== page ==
OGDEN — A project is seeking crowdfunding investors in its attempt to redesign how soup kitchens work.
O-Town Kitchen hopes to raise $8,500 through an Indiegogo campaign in order to address the growing problems of homeless families in Utah and food waste.
If successful, O-Town Kitchen organizers said they will translate the value of food waste into income for displaced families.
The program would take food donations that are about to expire from grocery stores and restaurants, and make something else out of it that would extend its shelf life.
The food would be repurposed into canned items such jams, chutney, syrups and condiments.
To do so, the program would employ homeless parents to help prepare the items and sell them at local farmers markets.
“Instead of just feeding these homeless families all of the time, we find a way so they could feed themselves, so it would be longer lasting,” said Nestor Robles, vice president of O-Town Kitchen.
According to the O-Town Kitchen organizers, the 2014 Utah Comprehensive Report on Homelessness shows that 46 percent of the homeless population in the state is families. Families make up the fastest growing segment of the homeless population here and about 77 percent of these homeless families are headed by single mothers with young children, who are leaving abusive relationships.
On the reverse side, about $161.6 billion worth of edible food goes to waste in the United States every year, the report said. About 40 percent of that waste happens in grocery stores and restaurants.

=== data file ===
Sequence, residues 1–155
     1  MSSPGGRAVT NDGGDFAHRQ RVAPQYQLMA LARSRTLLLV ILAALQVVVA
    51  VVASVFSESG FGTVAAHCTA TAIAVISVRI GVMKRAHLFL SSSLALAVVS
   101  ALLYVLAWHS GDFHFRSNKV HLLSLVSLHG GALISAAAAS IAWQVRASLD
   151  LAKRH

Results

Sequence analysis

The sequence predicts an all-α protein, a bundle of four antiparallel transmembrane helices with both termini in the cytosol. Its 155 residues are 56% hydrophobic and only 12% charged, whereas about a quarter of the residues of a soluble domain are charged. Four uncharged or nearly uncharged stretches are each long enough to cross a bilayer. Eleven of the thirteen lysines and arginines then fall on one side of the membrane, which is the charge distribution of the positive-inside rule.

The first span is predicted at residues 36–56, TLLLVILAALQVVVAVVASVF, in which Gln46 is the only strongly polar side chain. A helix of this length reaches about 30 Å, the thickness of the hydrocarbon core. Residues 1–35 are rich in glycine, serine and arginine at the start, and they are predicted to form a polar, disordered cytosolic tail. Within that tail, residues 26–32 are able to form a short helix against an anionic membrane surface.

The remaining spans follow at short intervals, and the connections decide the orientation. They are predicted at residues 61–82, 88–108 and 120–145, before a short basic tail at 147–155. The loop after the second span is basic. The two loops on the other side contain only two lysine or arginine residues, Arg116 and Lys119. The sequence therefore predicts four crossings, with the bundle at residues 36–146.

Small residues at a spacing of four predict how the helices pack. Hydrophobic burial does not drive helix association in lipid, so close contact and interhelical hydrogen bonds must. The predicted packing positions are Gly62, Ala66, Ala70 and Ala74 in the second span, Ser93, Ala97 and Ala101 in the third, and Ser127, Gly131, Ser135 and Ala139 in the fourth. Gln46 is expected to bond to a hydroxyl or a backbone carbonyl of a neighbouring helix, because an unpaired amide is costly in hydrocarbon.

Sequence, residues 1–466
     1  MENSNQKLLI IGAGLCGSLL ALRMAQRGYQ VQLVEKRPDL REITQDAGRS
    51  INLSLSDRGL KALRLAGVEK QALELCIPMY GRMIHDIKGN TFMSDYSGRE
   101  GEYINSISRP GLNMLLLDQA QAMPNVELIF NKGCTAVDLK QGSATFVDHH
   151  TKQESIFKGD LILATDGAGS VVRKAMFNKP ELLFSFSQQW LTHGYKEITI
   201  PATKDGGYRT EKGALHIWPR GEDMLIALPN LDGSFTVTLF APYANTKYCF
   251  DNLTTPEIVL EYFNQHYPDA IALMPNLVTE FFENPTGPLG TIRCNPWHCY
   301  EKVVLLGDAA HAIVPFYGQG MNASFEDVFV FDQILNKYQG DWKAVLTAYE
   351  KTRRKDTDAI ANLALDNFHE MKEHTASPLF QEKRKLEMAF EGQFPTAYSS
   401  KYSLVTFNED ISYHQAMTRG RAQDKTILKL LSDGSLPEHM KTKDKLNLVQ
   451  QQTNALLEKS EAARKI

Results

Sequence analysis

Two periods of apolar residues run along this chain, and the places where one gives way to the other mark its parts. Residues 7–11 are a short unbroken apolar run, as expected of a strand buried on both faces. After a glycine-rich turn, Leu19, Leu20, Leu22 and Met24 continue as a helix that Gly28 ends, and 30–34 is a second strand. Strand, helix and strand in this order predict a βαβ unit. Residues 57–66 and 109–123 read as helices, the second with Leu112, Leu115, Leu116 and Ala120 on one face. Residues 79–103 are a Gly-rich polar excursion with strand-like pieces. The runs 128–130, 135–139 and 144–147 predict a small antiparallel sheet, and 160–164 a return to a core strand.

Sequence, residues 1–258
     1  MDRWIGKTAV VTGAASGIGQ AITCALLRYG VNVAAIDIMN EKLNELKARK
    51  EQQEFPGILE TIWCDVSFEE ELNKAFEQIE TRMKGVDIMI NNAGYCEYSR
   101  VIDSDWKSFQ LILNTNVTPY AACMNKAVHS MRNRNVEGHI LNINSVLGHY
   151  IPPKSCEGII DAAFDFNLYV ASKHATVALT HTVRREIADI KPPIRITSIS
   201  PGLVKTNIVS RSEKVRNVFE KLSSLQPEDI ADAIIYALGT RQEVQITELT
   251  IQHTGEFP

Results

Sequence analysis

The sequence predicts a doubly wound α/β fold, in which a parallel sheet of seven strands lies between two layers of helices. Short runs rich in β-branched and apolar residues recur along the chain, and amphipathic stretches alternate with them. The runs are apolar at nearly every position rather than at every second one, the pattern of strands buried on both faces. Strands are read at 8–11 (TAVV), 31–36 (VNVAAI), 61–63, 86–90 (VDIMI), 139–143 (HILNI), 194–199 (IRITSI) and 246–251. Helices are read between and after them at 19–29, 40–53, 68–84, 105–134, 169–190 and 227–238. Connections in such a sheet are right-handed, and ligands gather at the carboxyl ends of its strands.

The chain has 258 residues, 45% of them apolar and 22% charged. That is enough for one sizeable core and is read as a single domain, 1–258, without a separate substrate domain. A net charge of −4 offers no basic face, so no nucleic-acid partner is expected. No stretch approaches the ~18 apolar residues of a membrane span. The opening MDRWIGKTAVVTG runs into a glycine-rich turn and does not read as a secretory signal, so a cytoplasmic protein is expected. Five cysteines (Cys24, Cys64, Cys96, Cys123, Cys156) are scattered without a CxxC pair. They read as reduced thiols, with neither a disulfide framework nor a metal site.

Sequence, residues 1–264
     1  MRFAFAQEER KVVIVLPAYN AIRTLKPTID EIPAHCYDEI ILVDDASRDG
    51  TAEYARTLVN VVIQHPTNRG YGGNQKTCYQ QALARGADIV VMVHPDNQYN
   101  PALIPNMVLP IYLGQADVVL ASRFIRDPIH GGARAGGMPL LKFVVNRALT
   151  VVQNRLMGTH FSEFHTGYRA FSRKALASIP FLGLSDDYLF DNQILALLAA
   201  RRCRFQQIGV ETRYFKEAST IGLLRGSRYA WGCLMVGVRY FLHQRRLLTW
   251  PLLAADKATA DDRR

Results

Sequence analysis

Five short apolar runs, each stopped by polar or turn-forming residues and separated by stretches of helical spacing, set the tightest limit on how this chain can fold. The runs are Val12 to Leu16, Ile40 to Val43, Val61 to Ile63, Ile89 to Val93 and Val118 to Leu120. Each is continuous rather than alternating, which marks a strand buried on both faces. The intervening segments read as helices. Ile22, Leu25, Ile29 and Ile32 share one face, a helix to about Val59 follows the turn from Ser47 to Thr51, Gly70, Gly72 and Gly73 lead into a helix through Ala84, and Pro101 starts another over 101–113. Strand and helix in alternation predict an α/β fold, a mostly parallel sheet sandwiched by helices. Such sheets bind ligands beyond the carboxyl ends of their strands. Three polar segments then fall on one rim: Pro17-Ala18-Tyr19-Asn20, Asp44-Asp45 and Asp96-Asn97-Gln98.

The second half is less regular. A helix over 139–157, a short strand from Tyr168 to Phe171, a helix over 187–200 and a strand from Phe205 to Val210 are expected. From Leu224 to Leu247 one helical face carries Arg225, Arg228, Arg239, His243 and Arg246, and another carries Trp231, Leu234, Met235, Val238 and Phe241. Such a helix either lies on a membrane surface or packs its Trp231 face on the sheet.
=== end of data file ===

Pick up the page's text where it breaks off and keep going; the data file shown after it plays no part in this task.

Robles said people waste a lot of food at home. The program hopes to get food from people’s gardens as well.
O-Town Kitchen founder Isaac Farley said he started thinking that if he could get the value of that food to people who are in emergency situations, it could make a big impact.
Farley said the money raised through the fundraising campaign will go to help purchase commercial canning equipment, as well as basic kitchen needs such as herbs and spices.
Among the groups the program will work with is Your Community Connection in Ogden, which signed a contract with O-Town Kitchen. The contract goes into effect May 18.
YCC officials learned about the program through a board member.
“Everyone agreed that they thought it it was a good idea,” said YCC Executive Director Julee Smith.
YCC is excited to work with the new program, Smith said, and looks forward to serving as its pilot program.
Through the program, YCC clients will work with the O-Town Kitchen.
The whole idea is to have the programs self-sustaining, Smith said.
In return, Smith said the clients will receive valuable job experience, including a food handler’s permit, knowledge on canning and sales.
These skills can translate into other employment, including jobs in restaurants.
Smith said the experience will be a self-esteem booster, letting the clients understand their self-worth.
“We just feel it’s a win-win situation all the way around,” Smith said.
Along with money for the iIdiegogo project, Smith asks the public to donate fresh produce and canning supplies.
With the public’s help, Smith believes the program will improve the lives of a lot of families.
“I see it as a positive thing,” Smith said. “These young men, I admire them. I think it’s a great idea and I hope everyone gets behind them so they can succeed.”
If the program meets its financial goals, organizers hope to start working by the beginning of summer.
To contribute to the donation drive, visit https://www.indiegogo.com/projects/o-town-kitchen--2.